- - Wednesday, April 21, 2021

Last week, many mainstream media outlets reported Raul Castro’s recent resignation at the Eighth Congress of the Communist Party of Cuba as a sign the totalitarian regime was taking a decisive step toward reform. 

This was possible only because many Americans are unaware that Cuba has spent decades engaging in tactics inspired by far-right fascist regimes, and this methodology is deeply ingrained in its political culture and system. 

I learned this after nearly four years of working as a White House appointed official for the U.S. Office of Cuba Broadcasting in Miami, where I closely observed Cuba’s legal system and the Kafkaesque methods it uses to suppress and torment its citizens. 

I grew up in South Florida not far from the Cuban exile community in Miami. I associated the Castro regime with an effort to build socialism on the principles of the 1959 revolution. 

But in reality, Castro built his new “revolutionary society” with the same tactics of fear, harassment and intimidation Nazi Party leaders used in the 1920s and early 1930s during their rise to power in Germany. 

Like the Nazi Party, the Castros promoted an Orwellian-style morality that institutionalized and sanctioned criminal behavior against devalued citizens. 

While fascists like Franco and Mussolini targeted enemies of the state, and Hitler rallied his followers against non-Aryans, Castro used these tactics to justify persecution against enemies of the so-called Revolution. 

Just as the Nazis recruited members under the banner of anti-Semitism, the Castros created a new wave of followers to help them identify, target and persecute “counter-revolutionaries.”

To achieve this goal, Castro created thousands of island-wide “neighborhood committes” (Committees in Defense of the Revolution) to report on “counter-revolutionary” activity, purportedly to protect the Revolution, just as Hitler used his “Sturmabteilung” Brownshirts to supposedly “protect” party members. 

But in reality, “neighborhood committees” are no different than what Nazi Brownshirts really were — state-sponsored gangs that psychologically torment civilians through harassment, intimidation, vandalism and violence. 

In Cuba, these acts are encouraged by police in government-sanctioned “Acts of Repudiation,” a Castro ritual in which regime supporters intimidate and threaten the victim’s family in the form of a home invasion without police interference. 

The regime also lines up schoolchildren to ridicule democracy activists at their homes, similar to how Hitler youth were used to disrupt church groups.

The Castros spent decades morally justifying this cruelty by dehumanizing dissidents as politically impure “worms” just as the 1940 Nazi propaganda film, “The Eternal Jew,” associated Jews as unclean, racially impure rats. 

But these similarities should surprise no one since, in his university days, Castro was seen by student leaders conspicuously carrying Hitler’s “Mein Kampf.”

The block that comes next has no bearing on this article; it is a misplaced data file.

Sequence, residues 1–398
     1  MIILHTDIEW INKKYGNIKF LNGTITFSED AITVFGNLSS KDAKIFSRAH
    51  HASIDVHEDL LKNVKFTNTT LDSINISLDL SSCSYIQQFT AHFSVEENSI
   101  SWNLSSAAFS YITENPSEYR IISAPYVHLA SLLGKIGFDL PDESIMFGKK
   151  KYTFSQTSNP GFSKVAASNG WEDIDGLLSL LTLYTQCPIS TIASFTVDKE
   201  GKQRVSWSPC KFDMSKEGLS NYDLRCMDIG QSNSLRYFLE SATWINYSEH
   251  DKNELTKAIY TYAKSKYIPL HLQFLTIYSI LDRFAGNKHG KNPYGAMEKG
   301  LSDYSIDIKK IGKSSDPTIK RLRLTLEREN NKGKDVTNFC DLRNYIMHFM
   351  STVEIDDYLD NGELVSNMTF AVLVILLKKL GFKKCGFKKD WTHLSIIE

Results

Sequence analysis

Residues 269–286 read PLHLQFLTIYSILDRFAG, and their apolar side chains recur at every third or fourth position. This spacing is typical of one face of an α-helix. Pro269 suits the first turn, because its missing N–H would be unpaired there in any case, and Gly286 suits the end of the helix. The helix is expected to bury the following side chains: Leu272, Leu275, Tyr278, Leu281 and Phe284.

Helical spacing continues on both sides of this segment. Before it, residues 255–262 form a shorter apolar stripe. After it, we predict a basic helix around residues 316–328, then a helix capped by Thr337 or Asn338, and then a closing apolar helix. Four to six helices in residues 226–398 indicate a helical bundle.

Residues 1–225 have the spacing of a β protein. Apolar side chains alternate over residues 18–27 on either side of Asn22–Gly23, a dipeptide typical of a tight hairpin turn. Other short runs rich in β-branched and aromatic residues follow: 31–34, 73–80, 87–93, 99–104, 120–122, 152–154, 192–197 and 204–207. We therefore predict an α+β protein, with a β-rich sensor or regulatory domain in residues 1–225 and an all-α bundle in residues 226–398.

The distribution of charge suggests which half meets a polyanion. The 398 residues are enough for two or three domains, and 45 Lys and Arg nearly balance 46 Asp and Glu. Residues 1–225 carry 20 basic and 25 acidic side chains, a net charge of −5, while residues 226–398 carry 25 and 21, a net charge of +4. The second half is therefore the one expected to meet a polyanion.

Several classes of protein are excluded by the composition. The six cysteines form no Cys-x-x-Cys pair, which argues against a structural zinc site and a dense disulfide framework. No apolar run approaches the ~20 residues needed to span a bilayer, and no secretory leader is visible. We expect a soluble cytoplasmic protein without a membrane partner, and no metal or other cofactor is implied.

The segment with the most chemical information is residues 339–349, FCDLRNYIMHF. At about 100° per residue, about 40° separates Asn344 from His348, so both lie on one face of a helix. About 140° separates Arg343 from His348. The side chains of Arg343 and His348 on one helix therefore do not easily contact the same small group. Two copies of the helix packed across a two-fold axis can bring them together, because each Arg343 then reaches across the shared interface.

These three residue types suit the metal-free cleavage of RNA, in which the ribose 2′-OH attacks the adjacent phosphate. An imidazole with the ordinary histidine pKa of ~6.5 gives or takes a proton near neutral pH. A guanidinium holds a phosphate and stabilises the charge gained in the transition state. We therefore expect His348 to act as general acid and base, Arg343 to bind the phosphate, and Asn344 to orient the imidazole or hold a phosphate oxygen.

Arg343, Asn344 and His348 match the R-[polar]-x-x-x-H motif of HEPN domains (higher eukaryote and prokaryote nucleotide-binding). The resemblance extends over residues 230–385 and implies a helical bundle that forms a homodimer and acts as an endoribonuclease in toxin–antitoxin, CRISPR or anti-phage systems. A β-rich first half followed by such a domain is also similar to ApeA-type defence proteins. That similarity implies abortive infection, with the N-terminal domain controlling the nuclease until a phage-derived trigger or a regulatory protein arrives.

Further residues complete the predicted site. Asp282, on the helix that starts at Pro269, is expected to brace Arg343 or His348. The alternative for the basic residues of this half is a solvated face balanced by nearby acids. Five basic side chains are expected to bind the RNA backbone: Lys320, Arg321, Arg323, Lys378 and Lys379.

In fact, the title of Fidel Castro’s infamous 1953 trial speech, “History Will Absolve Me,” mimicked Hitler’s 1924 trial closing argument, that he would be acquitted by the “eternal court of history.” 

In 2012, declassified German intelligence files revealed Castro personally approved a plan to recruit ex-Nazi SS officers to train Cuban ones. 

Bodo Hechelhammer, the historical investigations director for the German Federal Intelligence Service, said, “the Cuban revolutionary army did not fear contagion from personal links to Nazism, so long as it served their own objectives.”

Castro also utilized far-right extrajudicial methods, such as “pre-criminal social dangerousness,” which enables the state to sentence civilians to prison before criminal activity has actually occurred. 

Franconian Spain used the charge of “social dangerousness,” and Nazi Germany used the “tactic” of preventative arrest. 

According to the U.S. Holocaust Memorial Museum, by the end of 1939 more than 12,000 German prisoners were interned in concentration camps under the Nazi legal doctrine of “preventative arrest,” without judicial review.

Last month, Cuban Prisoner Defenders reported about 11,000 civilians are currently jailed for “pre-criminal” charges. 

The result of the Castros’ decades-long misguided, dehumanizing morality and system of extrajudicial punishment is a Cuban society that lives in fear with its citizens never knowing if even mere inaction will result in imprisonment or violence.

This misguided morality is safeguarded by a system that has infiltrated all levels of society from the Cuban Communist Party elite to its street level neighborhood committees and elders who cling to the failed Revolution along with their children who endure indoctrination. 

As such, fear will continue to rule the island regardless of whether Cuba’s “president” or Communist Party secretary general is a Castro or anyone else, and will only change when its cruel “revolutionary” framework is completely destroyed. 

• Jeffrey Scott Shapiro is a lawyer and the former director of the U.S. Office of Cuba Broadcasting

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